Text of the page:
I’ve been updating my LiveJournal account regularly with what’s going on with my writing, but I haven’t been updating over here, and I know that there are people who read this blog but not my LiveJournal. So to help clarify things for my LiveJournal readers, my blog readers, and me, here is what’s going on lately with my writing.
- First of all, my NaNoWriMo novel, Fred, Again, is going along very well. Out of 50,000 words, I’ve written about 38,000. Only 12,000 to read the official NaNoWriMo target, and possibly 10,000 or so after that to reach the end of that story. I’m considering what I’m writing right now to be the rough draft for an actual novel, and it’s the first time I’ve participated in NaNoWriMo where I’ve thoroughly enjoyed the novel all the way through, without getting fed up with the story and the plot and so on. More on that in a bit
- And speaking of NaNoWriMo, there was an article in yesterday’s Vacaville Reporter about local participants in NaNoWriMo, featuring humble ol’ me. There’s even a picture of me. I’ve written to the reporter and asked if I could use the photograph on my person website, and was told to “go for it”, since it would be considered fair use and the photographer in question has no qualms with it. Check out the article here.
- A couple of weeks ago I sold my short story, “Who Remembers Molly”, to The Harrow. This is a pretty significant milestone for me, because it’s the first “serious” story I’ve sold, and the first of my “Mollyverse” stories. On the other hand, the timing is a bit ironic, since I’m on the cusp of changing my writing focus entirely. Again, more on this in a bit.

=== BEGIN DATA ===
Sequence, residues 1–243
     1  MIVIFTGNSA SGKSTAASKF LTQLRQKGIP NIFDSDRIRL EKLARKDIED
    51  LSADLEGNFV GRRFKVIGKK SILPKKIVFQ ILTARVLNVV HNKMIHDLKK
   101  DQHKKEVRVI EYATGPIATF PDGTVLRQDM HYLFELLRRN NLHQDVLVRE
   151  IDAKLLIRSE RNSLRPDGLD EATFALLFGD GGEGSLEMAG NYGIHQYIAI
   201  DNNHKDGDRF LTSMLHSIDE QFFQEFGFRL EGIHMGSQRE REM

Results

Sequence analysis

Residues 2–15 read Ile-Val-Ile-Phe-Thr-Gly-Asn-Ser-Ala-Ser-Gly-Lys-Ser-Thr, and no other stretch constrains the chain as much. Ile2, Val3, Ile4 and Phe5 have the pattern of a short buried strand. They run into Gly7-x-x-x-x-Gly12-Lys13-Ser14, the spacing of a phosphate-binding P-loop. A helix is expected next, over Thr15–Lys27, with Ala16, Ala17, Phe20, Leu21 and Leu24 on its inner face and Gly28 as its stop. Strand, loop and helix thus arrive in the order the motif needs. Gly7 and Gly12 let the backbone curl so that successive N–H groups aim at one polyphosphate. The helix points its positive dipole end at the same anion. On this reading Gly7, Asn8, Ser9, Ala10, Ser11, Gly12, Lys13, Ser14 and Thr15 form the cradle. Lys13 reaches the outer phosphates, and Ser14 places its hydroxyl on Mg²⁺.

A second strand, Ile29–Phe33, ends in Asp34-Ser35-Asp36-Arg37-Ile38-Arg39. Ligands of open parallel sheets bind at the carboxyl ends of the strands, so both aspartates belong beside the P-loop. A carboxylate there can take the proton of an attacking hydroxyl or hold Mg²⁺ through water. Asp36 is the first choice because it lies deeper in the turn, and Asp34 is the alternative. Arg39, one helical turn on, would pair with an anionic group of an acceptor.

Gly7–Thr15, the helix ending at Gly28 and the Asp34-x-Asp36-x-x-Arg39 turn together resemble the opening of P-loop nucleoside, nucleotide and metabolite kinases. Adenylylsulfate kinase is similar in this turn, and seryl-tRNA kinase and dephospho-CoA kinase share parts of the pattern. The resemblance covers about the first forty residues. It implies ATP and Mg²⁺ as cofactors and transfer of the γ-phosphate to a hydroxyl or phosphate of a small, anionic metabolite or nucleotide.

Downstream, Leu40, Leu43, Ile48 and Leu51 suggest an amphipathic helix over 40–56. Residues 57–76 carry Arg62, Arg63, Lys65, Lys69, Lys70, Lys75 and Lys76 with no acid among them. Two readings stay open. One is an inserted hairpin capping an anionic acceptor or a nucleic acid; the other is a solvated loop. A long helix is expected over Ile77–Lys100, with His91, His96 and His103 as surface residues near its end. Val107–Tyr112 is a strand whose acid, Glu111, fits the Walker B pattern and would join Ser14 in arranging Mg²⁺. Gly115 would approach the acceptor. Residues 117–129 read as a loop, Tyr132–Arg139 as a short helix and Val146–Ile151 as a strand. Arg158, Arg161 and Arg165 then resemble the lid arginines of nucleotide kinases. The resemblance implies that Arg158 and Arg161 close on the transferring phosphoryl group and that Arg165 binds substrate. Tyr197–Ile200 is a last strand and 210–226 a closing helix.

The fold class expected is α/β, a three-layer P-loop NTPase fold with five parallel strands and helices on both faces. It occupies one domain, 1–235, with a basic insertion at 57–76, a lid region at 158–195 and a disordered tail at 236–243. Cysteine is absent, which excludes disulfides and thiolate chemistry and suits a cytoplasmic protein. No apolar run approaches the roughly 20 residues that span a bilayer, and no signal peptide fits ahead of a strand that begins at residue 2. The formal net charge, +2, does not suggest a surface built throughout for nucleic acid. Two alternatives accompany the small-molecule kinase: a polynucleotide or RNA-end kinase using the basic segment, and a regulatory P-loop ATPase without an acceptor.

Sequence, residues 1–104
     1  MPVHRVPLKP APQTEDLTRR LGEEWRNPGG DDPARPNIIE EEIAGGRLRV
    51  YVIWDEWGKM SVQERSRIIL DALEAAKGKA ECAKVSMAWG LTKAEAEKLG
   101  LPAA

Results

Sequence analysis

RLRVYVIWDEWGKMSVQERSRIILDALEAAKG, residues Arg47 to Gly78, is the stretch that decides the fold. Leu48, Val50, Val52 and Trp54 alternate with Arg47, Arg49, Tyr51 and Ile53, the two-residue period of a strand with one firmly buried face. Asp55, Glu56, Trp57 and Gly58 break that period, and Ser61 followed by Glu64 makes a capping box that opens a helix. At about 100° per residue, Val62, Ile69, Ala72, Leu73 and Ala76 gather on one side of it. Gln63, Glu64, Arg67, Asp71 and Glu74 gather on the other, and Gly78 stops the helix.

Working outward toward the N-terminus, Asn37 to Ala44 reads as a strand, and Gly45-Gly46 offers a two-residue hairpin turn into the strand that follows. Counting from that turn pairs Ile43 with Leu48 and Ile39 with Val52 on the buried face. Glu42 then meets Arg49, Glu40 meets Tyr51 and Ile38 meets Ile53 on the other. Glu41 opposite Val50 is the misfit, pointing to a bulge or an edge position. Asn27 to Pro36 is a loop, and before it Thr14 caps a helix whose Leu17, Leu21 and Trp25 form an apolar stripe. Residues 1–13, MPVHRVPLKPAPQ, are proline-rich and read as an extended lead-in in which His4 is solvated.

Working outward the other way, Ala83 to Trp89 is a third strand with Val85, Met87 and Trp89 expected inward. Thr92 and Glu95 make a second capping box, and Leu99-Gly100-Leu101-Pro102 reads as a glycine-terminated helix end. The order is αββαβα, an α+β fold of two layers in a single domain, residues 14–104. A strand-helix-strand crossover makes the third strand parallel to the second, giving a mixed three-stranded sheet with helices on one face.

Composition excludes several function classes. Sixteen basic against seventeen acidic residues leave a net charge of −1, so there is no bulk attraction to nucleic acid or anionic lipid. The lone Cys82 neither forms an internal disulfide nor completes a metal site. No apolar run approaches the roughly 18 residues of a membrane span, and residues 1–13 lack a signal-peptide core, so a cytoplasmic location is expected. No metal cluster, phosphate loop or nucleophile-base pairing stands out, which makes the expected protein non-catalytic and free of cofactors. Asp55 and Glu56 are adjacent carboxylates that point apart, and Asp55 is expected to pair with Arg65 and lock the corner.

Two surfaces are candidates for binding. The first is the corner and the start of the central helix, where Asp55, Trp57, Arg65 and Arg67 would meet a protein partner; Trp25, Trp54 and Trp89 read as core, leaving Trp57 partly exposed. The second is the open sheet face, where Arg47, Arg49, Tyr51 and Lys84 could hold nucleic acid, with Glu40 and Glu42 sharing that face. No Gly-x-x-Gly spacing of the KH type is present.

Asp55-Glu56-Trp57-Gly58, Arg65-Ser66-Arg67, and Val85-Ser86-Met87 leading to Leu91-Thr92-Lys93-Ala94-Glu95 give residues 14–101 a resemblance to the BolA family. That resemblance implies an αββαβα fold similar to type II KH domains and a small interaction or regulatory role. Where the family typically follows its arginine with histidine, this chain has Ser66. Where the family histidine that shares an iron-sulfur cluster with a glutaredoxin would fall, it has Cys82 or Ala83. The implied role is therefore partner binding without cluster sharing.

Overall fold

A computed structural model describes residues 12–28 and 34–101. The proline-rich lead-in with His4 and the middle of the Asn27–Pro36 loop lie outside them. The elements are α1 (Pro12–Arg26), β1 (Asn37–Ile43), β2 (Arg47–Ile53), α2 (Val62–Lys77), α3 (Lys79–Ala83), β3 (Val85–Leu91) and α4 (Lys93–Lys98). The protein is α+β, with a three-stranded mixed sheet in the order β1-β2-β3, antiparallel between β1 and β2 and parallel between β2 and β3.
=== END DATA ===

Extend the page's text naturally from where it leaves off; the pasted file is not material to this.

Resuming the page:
- Yesterday, I also received an e-mail from the editor of an upcoming anthology focusing on retellings of urban legends, asking if I would consider offering them “Who Remembers Molly”. Naturally, I said “Yes!” after first clarifying all the contract issues with the editor and with The Harrow. You know, I’d never thought I’d have to face that kind of quandary. It was frustrating in its way, but also really, really cool. And this makes my fourth acceptance this year, which makes five overall, which, to me, means my writing career is really starting to take off.
- Oh, I also got a rejection from Flesh & Blood for my story “Indications”. No hard feelings on this one, of course; the style wasn’t a match for the magazine. And in light of the four milestones above, this one rejection just pales in importance to me.
This is my fourth year doing NaNoWriMo; I did it the first time in 2001, skipped 2002, and then I’ve been doing it ever since. Each year, I’ve reached 50,000 words. I’m told that there’s a “second week hump” which is part of the process; during the second week of NaNoWriMo, apparently most participants lose their drive, their energy, their love of the project, and find that writing is much more of a chore than ever. I honestly can’t say I’ve ever experienced this. Sure I have my lulls, but I’ve never had a problem just charging on through. I hadn’t even heard of the “second week hump” until 2004, when everyone I knew was talking about how awful it was, and I found I couldn’t relate.